For Bueermann – who worked for the Redlands (California) Police Department for 33 years and retired as chief – educating the community about new policing technology maintains credibility.
“When we set up a citywide camera surveillance system, we decided to stand up a citizen privacy council. Legitimacy, trust and credibility in the community are the lifeblood for a police department. You are able to do your job as a cop because the community trusts you to do the right thing. That can go off the rails if you use a technology as powerful as AI without some sense of where it is going. In the public sector, you are obligated to do certain things because you are publically funded. Axon is under no obligation to do this. My own personal belief is that this is a good model for literally any corporation or part of the private sector that is engaging in technology development for the police.”
As a company, Axon has yet to invest any money or manpower into facial recognition initiatives, Smith told attendees, with facial recognition remaining relatively controversial in the United States. This is in contrast with other nations where, for example, the technology is more acceptable in France as the French National Police focus on how tech can help detect and prevent homegrown terrorist attacks like the Bataclan massacre.
The dilemma is how to build a system with the right controls that can be deployed in different geographies under different cultural norms.
"We know it is a technology that is going to be of interest, but in terms of bang for the buck, there are a lot of things we can be doing around helping redaction and improving current business processes for departments, which is where we think it is best to build our AI capabilities," Smith told the audience.
The board will meet later this summer to discuss facial recognition and form operating guidelines.
The shifting sands of privacy
Ethics board member and Accelerate panelist Tracy Ann Kosa is a senior program manager at Google working on privacy features for the Google Cloud Platform. Previously at Microsoft she led the development and implementation of the global privacy compliance program. During the panel discussion, Wagers asked Kosa if the notion of privacy was dead.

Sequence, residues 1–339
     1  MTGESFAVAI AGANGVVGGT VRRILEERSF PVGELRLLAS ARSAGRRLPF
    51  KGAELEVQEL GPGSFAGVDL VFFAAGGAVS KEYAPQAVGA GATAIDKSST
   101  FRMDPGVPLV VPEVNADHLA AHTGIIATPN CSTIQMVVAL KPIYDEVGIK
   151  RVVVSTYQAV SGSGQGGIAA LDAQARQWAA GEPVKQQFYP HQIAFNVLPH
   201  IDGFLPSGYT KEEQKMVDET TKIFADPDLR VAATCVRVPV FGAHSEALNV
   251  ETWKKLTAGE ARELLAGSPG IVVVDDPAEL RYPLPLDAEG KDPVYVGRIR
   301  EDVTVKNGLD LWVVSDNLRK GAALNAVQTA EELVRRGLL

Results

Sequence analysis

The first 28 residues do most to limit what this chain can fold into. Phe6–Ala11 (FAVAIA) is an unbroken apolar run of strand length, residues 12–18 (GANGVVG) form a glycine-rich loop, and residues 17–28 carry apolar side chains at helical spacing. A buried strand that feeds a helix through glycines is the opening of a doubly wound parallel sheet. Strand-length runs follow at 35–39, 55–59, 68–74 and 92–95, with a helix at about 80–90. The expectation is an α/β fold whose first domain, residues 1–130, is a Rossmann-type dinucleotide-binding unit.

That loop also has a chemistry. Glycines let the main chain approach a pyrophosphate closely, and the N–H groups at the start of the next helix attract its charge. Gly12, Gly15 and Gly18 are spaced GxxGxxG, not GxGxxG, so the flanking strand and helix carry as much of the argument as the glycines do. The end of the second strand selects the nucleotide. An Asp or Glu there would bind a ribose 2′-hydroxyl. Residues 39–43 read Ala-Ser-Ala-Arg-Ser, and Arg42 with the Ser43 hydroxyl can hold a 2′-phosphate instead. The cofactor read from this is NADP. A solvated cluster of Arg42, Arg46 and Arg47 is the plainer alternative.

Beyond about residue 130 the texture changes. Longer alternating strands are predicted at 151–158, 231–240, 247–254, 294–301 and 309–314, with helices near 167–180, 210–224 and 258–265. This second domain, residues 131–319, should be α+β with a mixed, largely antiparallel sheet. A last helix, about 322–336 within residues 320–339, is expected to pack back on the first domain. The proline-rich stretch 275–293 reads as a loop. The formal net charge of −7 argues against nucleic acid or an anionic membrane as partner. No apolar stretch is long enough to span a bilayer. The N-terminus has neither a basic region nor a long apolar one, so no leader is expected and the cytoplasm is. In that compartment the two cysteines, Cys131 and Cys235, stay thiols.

“Previously privacy was very much a one-to-one relationship, where you were collecting data from me and you would tell me what that collection looks like and I would tell you yes or no depending on how much control I had,” explained Kosa. “Now I think we have a greater understanding that my answer also impacts the privacy of everyone else in this room.
"The more we all consent to the sharing of our data with large organizations, and I don’t mean just ones like Facebook, the less privacy we all have. But that doesn’t mean the concept is dead. The most visceral example I can give to you is that public bathrooms still have locks on doors. We very much value privacy and there is still some notion of control that exists in all of us. I think some of the challenges we will have with AI, is that are we going to teach the technology what our human values are so it can incorporate them and represent the privacy concerns of all of us?”
“If I could go back and be a police chief again, I would designate someone to be our internal privacy officer, which Seattle has done,” Bueermann told the audience. “The minute you assume that mantle and look through the lens of privacy, you see the whole operation differently. As AI continues to evolve we should ask, ‘Just because we can, should we?’”
Axon AI Ethics Board
Axon’s AI Ethics Board is comprised of thought leaders in computer science, privacy, civil liberties and policing, who will provide guidance on how the company develops and uses AI. Board members include:
Ali Farhadi, PhD, Associate Professor of Computer Science and Engineering at University of Washington, Senior Research Manager at AI2 and CEO of Xnor.ai
Barry Friedman, Professor and Director of the Policing Project at New York University School of Law
Jeremy Gillula, PhD, Privacy and Civil Liberties Technologist
Jim Bueermann, President of the Police Foundation
Miles Brundage, Research Fellow at the University of Oxford's Future of Humanity Institute
Tracy Ann Kosa, PhD, Fellow at Stanford University and Adjunct Professor at Seattle University School of Law
Vera Bumpers, Chief of Houston Metro Police Department, incoming President of the National Organization of Black Law Enforcement Executives
Walter McNeil, Sheriff of Leon County Sheriff's Office, Florida, former President of the International Association of Chiefs of Police
For more on Axon’s AI board, visit https://www.axon.com/info/ai.
Accelerate 2019 is scheduled for April 30-May 2 in Phoenix, Arizona. Register now at https://www.acceleratepolicing.com/.